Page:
180˚ Turning Lives Around
12th– 16th May 2014
My Experience as a Volunteer
By Maisie Fuller
For the last four years I have been a Police Volunteer Person within Devon and Cornwall Police supporting Police cadets. In October I had the opportunity to attend a one day public services course with the police cadets, organised by Karen Harvey and delivered by the Phoenix Project. The day highlighted the importance of how courses such as this promoted teamwork, communication, trust and confidence.
I contacted Karen afterwards to ask if I could volunteer for similar courses and she invited me along to the 180˚ Turning Lives Aroundproject.
I was asked to arrive at 12.30pm to meet the team before the young people were due to arrive at 1pm. On arrival I was introduced to Jody, Darren and John who work for the Phoenix Project and Keith who I had met previously at the public services course.
By 1pm only four of the eleven young people had turned up, with them all eventually arriving at 1.45pm. Myself and Lisa, another volunteer, waited in the classroom with them whilst the rest of the instructors discussed whether or not the afternoon should go ahead as the young people had turned up so late.
It was during this time I had my first conversation with one of the young people who bluntly asked me if ‘I was a fireman’, and when I replied that I was volunteering he laughed and said ‘Why would you want to do that?’ Before I could answer, Keith pulled Lisa and I to one side and explained that the afternoon would not be going ahead and to come back in the morning. I left that afternoon wondering what I had let myself in for!
I arrived at 8.30am to meet Charlie a senior instructor who immediately explained to the young people what was and wasn’t tolerated and what was expected from them. His ‘firm but fair’ approach worked straight away and the young people sat up straight, took their hands out of their pockets and stopped rocking on their chairs. He then spoke about himself, his experience in the fire service and his love of winegums! They then in turn, introduced themselves and spoke about their future ambitions. I also had the opportunity to introduce myself and explain why I was there.
The group were then issued the kit that they would have to wear for the week and split into 3 groups to do drill taught by Keith, Charlie and Darren. After a short time I was asked to judge the team who I thought were the best. Much to Darren and Charlie’s disappointment, Keith’s group won. This first activity showed the importance of communication, teamwork and confidence, and although all three groups made minor mistakes, Keith’s group shone through as the team that worked the best together.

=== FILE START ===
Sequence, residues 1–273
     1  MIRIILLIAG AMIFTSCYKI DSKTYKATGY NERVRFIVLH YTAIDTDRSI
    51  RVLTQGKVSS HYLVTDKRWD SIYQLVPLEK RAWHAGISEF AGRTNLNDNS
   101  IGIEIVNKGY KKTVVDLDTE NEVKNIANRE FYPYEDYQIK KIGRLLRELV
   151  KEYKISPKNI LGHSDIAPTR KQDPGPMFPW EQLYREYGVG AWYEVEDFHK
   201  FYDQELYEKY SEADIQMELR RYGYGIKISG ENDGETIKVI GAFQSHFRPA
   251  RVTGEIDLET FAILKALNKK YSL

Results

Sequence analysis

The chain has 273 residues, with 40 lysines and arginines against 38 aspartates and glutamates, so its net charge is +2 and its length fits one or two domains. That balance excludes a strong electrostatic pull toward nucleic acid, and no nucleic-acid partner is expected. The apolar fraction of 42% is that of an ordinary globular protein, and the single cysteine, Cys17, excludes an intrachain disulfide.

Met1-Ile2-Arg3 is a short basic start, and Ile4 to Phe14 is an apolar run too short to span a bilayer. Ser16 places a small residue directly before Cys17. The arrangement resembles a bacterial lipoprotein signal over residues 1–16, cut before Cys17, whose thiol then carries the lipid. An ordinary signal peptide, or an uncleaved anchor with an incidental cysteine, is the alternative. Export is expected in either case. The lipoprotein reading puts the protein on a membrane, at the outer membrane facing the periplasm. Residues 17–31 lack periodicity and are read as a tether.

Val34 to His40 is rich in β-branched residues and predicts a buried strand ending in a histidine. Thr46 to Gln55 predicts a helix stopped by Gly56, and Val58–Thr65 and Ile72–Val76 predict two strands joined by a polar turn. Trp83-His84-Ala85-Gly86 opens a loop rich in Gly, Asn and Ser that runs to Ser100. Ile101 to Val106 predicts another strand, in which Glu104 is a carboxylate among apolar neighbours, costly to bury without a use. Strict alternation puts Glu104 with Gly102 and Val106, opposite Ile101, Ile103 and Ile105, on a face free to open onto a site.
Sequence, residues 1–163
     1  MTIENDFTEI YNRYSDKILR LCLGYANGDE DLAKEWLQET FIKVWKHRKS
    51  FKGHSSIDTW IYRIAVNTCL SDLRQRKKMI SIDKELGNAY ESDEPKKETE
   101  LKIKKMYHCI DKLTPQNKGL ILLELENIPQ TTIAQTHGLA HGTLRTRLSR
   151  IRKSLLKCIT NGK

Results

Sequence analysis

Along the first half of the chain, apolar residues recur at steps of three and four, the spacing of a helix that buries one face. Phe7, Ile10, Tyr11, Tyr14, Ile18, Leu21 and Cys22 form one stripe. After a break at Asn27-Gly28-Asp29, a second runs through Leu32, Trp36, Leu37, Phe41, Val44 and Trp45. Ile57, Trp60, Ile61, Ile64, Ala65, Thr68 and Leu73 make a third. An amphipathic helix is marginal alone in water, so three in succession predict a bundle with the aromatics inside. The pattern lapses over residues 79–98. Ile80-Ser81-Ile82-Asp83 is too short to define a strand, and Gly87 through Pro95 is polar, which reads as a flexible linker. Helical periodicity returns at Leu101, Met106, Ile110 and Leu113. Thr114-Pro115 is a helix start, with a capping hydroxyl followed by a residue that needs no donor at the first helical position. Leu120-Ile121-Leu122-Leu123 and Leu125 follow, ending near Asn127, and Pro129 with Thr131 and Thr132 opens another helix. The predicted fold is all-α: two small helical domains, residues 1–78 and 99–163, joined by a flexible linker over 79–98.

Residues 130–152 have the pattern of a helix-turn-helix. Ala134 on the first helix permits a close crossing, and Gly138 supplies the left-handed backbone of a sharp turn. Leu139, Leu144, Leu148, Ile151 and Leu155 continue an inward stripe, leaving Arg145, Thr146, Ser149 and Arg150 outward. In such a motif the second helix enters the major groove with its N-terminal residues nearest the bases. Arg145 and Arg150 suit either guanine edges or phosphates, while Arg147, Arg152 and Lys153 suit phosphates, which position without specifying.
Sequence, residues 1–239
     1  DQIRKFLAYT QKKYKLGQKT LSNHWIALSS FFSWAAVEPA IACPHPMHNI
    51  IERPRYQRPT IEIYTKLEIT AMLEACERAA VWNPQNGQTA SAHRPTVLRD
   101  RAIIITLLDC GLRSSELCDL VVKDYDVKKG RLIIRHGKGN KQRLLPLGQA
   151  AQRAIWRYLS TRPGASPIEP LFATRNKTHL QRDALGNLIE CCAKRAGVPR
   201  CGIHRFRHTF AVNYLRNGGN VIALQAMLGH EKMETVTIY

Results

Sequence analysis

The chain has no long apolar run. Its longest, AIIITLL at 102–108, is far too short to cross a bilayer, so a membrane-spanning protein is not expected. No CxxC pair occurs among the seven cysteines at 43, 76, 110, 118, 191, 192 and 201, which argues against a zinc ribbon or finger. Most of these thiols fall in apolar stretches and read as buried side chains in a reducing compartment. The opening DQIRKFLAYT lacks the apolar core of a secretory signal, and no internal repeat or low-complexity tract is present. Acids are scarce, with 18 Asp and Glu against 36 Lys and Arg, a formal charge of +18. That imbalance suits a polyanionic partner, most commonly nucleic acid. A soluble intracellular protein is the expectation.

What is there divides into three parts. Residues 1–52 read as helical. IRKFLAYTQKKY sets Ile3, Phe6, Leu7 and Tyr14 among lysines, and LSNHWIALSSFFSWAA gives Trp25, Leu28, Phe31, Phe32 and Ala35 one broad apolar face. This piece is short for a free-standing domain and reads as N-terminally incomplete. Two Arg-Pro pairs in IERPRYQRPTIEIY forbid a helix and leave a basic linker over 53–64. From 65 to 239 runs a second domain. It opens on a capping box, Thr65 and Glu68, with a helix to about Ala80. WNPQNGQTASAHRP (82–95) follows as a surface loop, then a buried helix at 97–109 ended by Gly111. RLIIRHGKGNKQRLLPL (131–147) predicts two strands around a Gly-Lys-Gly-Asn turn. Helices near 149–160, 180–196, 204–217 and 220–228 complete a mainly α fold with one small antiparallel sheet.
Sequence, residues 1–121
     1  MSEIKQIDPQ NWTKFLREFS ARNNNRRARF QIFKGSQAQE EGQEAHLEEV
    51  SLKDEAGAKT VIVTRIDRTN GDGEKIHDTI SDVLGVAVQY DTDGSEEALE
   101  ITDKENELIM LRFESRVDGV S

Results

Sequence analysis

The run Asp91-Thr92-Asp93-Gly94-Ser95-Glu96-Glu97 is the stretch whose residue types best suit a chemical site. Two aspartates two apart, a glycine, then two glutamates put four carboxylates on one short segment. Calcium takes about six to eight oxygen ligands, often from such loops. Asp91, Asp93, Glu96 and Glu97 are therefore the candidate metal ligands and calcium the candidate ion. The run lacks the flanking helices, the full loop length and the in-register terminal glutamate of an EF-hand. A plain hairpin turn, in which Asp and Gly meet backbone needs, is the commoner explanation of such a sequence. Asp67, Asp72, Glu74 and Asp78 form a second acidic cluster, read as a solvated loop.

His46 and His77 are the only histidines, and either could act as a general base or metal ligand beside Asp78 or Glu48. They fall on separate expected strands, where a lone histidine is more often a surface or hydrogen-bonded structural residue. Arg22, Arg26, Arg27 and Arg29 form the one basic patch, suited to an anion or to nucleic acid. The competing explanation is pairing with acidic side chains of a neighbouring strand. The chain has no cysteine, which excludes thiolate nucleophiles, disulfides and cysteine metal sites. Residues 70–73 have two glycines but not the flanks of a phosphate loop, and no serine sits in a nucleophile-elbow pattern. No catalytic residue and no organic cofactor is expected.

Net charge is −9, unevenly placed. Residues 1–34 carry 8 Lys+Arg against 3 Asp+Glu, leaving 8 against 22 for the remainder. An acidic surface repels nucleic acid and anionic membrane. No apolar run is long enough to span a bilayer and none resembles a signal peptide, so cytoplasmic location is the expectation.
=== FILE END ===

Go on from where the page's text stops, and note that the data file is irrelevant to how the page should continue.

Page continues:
The rest of the day was spent doing team building exercises and hose running, which again, encouraged communication and trust and allowed the group to bond.
I also had the opportunity to speak to Jody about her role within the Phoenix project and similar projects that she is involved with. I left that day with a better understanding of the dedication and commitment it takes from the instructors to make a week such as this become a success.
On arrival the young people sat down quietly under the watchful eye of Charlie, Keith and Karen. I was amazed at how one day of the ‘firm but fair’ approach had refocused the young people about what to expect during the rest of the week. I was also introduced to another Phoenix instructor, Katie.
The groups were briefed about the day and then split into three groups. Group one were with Darren on the hydrant, group two were with Charlie and Keith doing a BA exercise and group three were with Jody and Katie in the classroom filling out their work books. The groups alternated after completing each exercise. I shadowed group one with Darren. They had three attempts to achieve a low time on the hydrant. After two attempts, one of the team members was not putting in as much effort as they could have done, and after a brief chat with their team mates and Darren about teamwork they completed the exercise again with their lowest time of just over two minutes. They later went on to win the competition with the best time out of all three groups.
We then moved on to the BA exercise. As there were only three in my group, and I had been issued with a fire kit for the week, I was given the opportunity to take part. I had previously done this exercise in October and struggled with the feeling of being claustrophobic, and left the exercise in tears. I knew that it would be even more of a challenge as this scenario involved going under a fire engine and through a 90cm wide, 3 metre long tunnel. However, the whole point of the week was teamwork, gaining new skills and confidence and trusting others, and with the encouragement from the other members of the team I agreed to take part.